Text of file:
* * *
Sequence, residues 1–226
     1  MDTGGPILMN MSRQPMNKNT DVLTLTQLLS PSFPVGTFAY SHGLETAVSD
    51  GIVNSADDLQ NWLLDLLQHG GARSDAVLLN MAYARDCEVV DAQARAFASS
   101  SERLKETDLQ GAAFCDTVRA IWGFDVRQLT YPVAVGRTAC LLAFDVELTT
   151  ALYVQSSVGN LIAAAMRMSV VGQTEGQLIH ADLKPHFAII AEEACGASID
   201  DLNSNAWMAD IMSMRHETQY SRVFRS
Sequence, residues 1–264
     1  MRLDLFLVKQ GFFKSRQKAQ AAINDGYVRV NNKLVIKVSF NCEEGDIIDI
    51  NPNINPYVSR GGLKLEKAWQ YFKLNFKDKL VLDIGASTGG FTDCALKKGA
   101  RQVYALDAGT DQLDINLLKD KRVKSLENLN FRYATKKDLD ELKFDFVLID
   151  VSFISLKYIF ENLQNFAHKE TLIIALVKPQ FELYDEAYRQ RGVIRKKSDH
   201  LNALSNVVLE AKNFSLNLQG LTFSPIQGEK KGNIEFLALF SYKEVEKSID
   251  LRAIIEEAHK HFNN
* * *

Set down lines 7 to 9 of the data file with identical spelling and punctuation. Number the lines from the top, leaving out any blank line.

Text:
Sequence, residues 1–264
     1  MRLDLFLVKQ GFFKSRQKAQ AAINDGYVRV NNKLVIKVSF NCEEGDIIDI
    51  NPNINPYVSR GGLKLEKAWQ YFKLNFKDKL VLDIGASTGG FTDCALKKGA